Route-Planning with ESRI Worldview

Whenever possible, I do route planning with Google Earth. Google Earth’s 3D imagery allows me to fine-tune a route and identify features I might otherwise miss in two dimensions.

But Google Earth is losing the resolution battle with the other imagery powerhouse, ESRI. I’m willing to trade resolution for 3D exploration in many applications, but not all. I want higher resolution imagery for identifying rapids on remote rivers. Here is an example of the difference in resolution, from unusable in Google Earth to unbelievable in ESRI Worldview.

The good news is, there are several ways to work with the ESRI imagery, including pulling it into Google Earth!

CalTopo

If you are unfamiliar with CalTopo, here is a basic introduction. ESRI Worldview is not available in CalTopo by default; you have to load it manually.

  1. Go to http://caltopo.com/.

2. Select Add New Layer from the menu on the left side of the page and choose Custom Source.

3. In the Custom Source dialog box, provide a name for the layer and paste the url below in the URL Template field. I’ve increased the Max Zoom from the default 16 to 20. Zoom levels above 16 aren’t always available, but if they are, I want them.

https://server.arcgisonline.com/ArcGIS/rest/services/World_Imagery/MapServer/tile/{z}/{y}/{x}

If you have a CalTopo account ($20/year), click the Save To Account link so that you don’t have to repeat this process. Saved layers can be found in the layer menu in the upper right, at the bottom of the list of options, under Your Layers.

Now I can add waypoints at each rapid and identify which side of the river might be easier to portage. At the end of my work in CalTopo, I save the waypoints and portage line segments to be imported into Google Earth and combined with the rest of my existing route work. But you could certainly do all of your route planning within CalTopo.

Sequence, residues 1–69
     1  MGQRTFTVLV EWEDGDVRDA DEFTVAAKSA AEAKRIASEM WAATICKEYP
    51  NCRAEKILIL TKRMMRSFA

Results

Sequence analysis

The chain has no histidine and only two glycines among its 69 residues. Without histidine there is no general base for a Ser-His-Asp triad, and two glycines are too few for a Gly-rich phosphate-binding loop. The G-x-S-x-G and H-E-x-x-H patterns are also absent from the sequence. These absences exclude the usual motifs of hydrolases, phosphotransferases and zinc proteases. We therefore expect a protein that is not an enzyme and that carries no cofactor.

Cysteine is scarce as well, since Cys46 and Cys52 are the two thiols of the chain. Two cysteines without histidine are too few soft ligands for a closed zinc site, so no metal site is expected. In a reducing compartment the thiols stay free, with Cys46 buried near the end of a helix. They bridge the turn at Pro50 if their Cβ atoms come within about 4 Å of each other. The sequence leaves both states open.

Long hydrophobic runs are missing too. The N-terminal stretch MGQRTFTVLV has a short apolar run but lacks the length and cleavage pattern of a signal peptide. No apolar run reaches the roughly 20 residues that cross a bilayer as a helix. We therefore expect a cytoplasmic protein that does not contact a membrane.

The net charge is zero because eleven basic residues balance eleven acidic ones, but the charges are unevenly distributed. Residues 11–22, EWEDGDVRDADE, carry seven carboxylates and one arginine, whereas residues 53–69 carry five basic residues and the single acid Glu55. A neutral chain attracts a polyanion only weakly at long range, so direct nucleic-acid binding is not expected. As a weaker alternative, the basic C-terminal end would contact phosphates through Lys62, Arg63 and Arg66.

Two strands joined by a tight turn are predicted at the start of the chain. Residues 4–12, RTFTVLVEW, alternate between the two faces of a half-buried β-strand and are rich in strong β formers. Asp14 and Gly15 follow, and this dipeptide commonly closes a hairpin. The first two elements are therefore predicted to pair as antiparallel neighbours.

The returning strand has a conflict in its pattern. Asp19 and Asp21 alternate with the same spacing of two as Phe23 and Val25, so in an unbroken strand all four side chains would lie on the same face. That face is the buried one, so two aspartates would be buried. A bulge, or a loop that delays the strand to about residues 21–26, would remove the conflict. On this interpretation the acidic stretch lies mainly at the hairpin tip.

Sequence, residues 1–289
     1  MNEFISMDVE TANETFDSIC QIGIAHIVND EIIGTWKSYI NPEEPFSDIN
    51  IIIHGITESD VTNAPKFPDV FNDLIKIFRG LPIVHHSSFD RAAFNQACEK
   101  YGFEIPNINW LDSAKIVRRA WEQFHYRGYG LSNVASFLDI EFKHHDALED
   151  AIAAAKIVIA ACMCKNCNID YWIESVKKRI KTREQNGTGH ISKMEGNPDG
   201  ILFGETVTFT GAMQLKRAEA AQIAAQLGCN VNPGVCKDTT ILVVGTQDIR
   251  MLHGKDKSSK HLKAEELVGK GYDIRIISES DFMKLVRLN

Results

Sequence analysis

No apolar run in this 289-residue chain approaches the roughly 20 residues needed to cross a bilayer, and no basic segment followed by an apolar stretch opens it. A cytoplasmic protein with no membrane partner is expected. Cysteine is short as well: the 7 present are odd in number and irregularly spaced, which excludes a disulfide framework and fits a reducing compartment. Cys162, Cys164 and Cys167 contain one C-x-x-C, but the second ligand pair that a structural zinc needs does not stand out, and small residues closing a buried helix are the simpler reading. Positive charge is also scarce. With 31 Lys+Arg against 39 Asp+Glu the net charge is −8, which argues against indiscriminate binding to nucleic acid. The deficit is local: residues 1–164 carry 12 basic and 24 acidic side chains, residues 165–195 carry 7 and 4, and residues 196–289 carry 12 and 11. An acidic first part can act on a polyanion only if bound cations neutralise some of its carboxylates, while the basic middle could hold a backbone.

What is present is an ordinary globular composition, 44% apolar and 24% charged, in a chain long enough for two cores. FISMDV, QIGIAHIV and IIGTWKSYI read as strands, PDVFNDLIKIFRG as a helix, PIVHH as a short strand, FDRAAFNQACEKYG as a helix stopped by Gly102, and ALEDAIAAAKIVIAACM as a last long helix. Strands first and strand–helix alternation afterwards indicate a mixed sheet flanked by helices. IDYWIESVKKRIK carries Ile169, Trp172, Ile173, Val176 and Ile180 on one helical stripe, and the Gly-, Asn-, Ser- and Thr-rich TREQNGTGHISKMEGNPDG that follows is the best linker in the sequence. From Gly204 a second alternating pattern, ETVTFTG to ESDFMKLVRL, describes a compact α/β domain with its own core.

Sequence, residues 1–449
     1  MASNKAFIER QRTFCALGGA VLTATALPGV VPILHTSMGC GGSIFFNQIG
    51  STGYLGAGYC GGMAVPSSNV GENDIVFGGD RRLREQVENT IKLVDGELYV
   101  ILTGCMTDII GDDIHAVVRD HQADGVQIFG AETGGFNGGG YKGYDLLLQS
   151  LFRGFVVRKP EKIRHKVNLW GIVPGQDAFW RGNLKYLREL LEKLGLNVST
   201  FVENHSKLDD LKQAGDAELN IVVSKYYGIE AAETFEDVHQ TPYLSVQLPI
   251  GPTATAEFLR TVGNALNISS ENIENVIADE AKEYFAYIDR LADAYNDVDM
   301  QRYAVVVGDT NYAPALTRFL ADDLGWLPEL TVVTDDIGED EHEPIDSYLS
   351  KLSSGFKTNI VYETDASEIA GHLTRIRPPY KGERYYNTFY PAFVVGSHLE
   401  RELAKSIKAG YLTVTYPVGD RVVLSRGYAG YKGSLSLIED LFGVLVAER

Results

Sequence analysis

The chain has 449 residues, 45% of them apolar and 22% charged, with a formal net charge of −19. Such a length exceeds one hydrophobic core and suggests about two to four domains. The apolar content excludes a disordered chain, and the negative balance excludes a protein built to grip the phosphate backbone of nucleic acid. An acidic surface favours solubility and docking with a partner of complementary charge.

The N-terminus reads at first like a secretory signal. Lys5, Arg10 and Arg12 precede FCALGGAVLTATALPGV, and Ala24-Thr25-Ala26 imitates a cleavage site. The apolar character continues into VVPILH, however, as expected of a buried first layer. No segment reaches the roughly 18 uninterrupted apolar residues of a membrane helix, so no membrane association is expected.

Google Earth

You can pull ESRI Worldview imagery directly into Google Earth two ways.

The free option is to pull the kmz directly from arcGIS: https://services.arcgisonline.com/arcgis/rest/services/World_Imagery/MapServer/kml/mapImage.kmz (direct download). This source is a bit sluggish and does not go to as high a zoom level as what we can get from CalTopo. It also doesn’t seem to work on Linux computers.

The second option is to pull the layer via CalTopo’s servers. You need a CalTopo account, the basic subscription level costs $20/year.

Sign in (upper left) and click on your account name (email address) in the upper left corner. Select the Your Account tab under the View Account window. Click on the KML hyperlink toward the bottom of the window to download the superoverlay.kml file.

Open superoverlay.kml in Google Earth. Select Your Layers from the bottom of the list, and move the folder with your ESRI Worldview layer out of the Temporary Places folder so that you don’t have to repeat this process after restarting Google Earth.

Note that you might want to save other layers as well; I used the USGS 7.5′ layer for my topo map work in Google Earth.

GaiaGPS

ESRI Worldview is available at the premium subscription level of GaiaGPS. Select the Layers & Overlays icon from the buttons on the left, then Add Map Layers at the bottom, Satellite Imagery –> World Imagery.

If you don’t have the premium subscription level, you can manually load the ESRI layer. Follow the directions in the Custom Load Google Earth Imagery section of my Gaia tutorial, but use the ESRI URL instead of the Google Earth URL.

My routes are all going to end up in GaiaGPS anyway (so that I can load them onto my phone for the trip), so why not use the Gaia website in the first place? The reason is that Gaia’s web application tile servers are prohibitively slow. GaiaGPS is absolutely the easiest way to work with the ESRI basemap. I just get impatient. The hassle of loading ESRI into CalTopo pays for itself after 10 minutes of mapping.

View-only

There are a few easy ways to view the ESRI layer without the ability to add waypoints or routes. These are my go-to in the exploration phase of trip planning.

The direct from ESRI option allows you to determine the date that the imagery was collected. In this case, the river imagery was collected August 31st, 2015. The timestamp is very helpful for anticipating water levels at other summer months.

14 Comments

  1. Does this work on a MAC? I tried to take an ESRI GIS class but had to partition my hard drive to access their software with IBM software. Don’t quite have the room without getting a newer computer.